1) History
It is hard to say for how long honey has been around. Some fossils of honey bees, for example, date as far as 150 million years back, whereas the earliest records of beekeeping were found in Spanish caves from approximately 7000BC. Despite the fact that the exact birth date of honey cannot be established, it is clear that it is a very old product indeed.

In ancient Egypt honey was used as a sweetener as well as a gift for gods. It was also used in production of embalming fluid. Ancient Greeks also used honey as an offering to their gods. Their recipe books are full of dished made of honey. Beekeeping was wide spread across Roman Empire as well. Honey did not lose its importance throughout Renaissance era. However, when sugar began to be manufactured it largely replaced honey.

2) Flavour
Honey has a very distinct sweet taste, which is hard to find in any other product. However aroma, taste and colour of honey can vary. It is largely determined by the type of flower from which the nectar is collected. Some varieties of honey double the characteristics of the plants. It is particularly true for Orange Blossom, Lime Blossom, Rosemary and Thyme honey.

3) Nutritional value

Two main ingredients of honey, which also give honey the sweetness it has, are inverted sugars levulose and dextrose. While dextrose is half as sweet as cane-sugar, levulose is twice as sweet. In fact, levulose is the sweetest of all sugars created by nature. Apart from inverted sugars, honey contains volatile oil, mineral elements, enzymes and some amount of vitamins. With regard to vitamins, suggested amount of those cannot be agreed on, but it is generally believed that the amount is close to negligible. Minerals present include calcium, copper, iron, magnesium, manganese, phosphorus, potassium and zinc. Similarly to colour, taste and aroma content of honey can vary. For example, darker honeys contain more minerals, particularly iron, copper and manganese.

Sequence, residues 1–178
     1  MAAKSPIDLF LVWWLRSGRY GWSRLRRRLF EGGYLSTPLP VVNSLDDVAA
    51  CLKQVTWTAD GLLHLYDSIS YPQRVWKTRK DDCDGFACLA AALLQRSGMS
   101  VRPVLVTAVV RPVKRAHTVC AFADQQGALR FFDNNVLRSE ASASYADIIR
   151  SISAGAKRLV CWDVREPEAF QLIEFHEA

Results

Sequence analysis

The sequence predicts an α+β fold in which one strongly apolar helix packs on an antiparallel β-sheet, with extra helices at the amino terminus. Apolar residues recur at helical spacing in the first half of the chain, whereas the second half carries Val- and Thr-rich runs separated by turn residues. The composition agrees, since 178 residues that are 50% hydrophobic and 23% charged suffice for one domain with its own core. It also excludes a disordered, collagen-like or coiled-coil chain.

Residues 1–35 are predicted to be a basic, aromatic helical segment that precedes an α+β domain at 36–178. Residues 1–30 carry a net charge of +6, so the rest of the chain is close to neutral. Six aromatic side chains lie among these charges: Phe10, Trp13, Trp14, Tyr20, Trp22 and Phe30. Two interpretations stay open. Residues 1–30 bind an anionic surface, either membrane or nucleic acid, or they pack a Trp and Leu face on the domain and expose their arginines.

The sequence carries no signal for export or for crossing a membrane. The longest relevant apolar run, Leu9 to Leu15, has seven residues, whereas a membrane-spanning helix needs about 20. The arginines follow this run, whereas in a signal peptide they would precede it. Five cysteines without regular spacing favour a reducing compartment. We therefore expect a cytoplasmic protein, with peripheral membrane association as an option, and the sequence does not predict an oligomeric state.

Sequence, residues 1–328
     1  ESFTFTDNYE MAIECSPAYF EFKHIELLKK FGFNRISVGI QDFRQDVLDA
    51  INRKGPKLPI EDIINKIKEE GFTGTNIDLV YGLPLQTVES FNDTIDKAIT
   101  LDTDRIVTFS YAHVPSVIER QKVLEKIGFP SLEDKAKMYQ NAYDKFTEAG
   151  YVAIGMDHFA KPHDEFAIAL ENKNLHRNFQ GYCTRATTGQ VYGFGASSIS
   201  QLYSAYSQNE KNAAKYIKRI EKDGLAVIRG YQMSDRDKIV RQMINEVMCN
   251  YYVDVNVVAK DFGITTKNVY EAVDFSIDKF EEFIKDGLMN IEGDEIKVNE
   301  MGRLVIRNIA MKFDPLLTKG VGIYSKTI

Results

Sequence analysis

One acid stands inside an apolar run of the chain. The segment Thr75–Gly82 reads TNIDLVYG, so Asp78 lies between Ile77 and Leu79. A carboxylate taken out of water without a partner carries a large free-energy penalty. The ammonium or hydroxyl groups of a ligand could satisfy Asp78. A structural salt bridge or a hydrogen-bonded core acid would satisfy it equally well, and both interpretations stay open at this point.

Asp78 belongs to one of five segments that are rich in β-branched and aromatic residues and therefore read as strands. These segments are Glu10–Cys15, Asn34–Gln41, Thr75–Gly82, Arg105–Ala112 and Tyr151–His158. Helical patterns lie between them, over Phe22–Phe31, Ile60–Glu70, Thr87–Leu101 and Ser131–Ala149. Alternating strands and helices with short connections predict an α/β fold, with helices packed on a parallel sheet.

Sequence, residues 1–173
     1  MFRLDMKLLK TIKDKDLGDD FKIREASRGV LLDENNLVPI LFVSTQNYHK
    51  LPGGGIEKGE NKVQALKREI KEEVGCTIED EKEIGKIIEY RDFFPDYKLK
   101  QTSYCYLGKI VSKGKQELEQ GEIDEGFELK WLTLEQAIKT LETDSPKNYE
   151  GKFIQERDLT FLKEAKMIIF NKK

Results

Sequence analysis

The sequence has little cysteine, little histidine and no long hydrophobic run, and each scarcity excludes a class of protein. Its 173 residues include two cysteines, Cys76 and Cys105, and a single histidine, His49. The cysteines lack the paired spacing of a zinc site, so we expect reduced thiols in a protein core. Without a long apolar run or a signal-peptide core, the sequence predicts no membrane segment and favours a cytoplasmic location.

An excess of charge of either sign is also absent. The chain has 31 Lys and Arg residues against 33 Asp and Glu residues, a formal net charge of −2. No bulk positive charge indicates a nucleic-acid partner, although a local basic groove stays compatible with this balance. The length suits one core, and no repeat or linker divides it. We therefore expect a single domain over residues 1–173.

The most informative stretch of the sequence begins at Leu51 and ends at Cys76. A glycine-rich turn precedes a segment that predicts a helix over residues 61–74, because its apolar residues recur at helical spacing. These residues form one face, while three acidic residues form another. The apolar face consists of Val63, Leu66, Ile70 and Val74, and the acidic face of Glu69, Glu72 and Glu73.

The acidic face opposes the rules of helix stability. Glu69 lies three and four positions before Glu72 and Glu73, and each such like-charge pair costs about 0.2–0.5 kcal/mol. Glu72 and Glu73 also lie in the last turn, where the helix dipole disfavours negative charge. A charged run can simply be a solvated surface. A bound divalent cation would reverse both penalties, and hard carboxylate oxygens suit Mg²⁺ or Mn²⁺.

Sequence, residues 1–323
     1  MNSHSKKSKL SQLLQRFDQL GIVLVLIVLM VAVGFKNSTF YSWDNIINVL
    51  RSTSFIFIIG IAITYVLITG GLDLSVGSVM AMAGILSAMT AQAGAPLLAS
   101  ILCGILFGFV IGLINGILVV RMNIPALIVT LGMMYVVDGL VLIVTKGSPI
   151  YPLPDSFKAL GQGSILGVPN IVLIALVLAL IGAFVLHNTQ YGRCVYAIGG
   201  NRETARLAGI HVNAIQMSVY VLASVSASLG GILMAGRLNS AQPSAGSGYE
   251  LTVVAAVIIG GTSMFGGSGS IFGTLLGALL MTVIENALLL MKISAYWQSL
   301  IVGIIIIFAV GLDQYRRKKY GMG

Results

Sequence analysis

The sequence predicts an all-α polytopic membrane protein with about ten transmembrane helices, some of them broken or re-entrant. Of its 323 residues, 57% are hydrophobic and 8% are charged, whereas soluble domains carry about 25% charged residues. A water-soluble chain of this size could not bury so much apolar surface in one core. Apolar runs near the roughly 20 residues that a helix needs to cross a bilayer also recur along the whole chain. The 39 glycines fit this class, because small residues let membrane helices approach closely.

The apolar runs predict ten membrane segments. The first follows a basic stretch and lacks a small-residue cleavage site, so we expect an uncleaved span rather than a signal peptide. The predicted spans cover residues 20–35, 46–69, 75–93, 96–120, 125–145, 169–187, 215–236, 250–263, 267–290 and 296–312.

4) Usage
Being a truly unique product, honey has a particularly wide usage

    • Cooking

Honey can substitute sugar in many dishes. Due to the fact that it is sweeter than sugar, you need to use less honey. At first try replacing only half the sugar with honey as the flavour can be very strong. Honey is hygroscopic substance, which means that it attracts water. This makes honey good for baking cakes as it keeps them moister for longer.

    • Beverages

Honey can be added to all sorts of beverages. One teaspoon of honey added to a cup of coffee or tea imparts an exquisite aroma. Lemonades, sodas and fruit punches, mixed with well-ripened honey are truly delicious. Alcoholic drinks, cocktails and whisky can also be mixed with honey. There is a great variety of cocktails that have honey among their ingredients.

    • Medicine

The antiseptic qualities of honey were discovered a very long time ago. Historically if has been used for treatment of burns and cuts. It is believed that honey can stimulate the growth of tissue involved in healing. It makes healing faster and reduces scarring. Honey is also a great source of antioxidants.

    • Energy booster

The natural sugars in honey are very quickly digested by the body. This is why honey is a great energy booster. It is often used by sportsmen and athletes for replenishing energy. In addition, honey appears to stand out as a great source of carbohydrate to ingest with post-workout protein supplements.

   • Beauty
Honey's ability to attract and retain moisture makes it one of the most values components in beauty treatments. It is believed that honey was a part of Cleopatra's daily beauty ritual.

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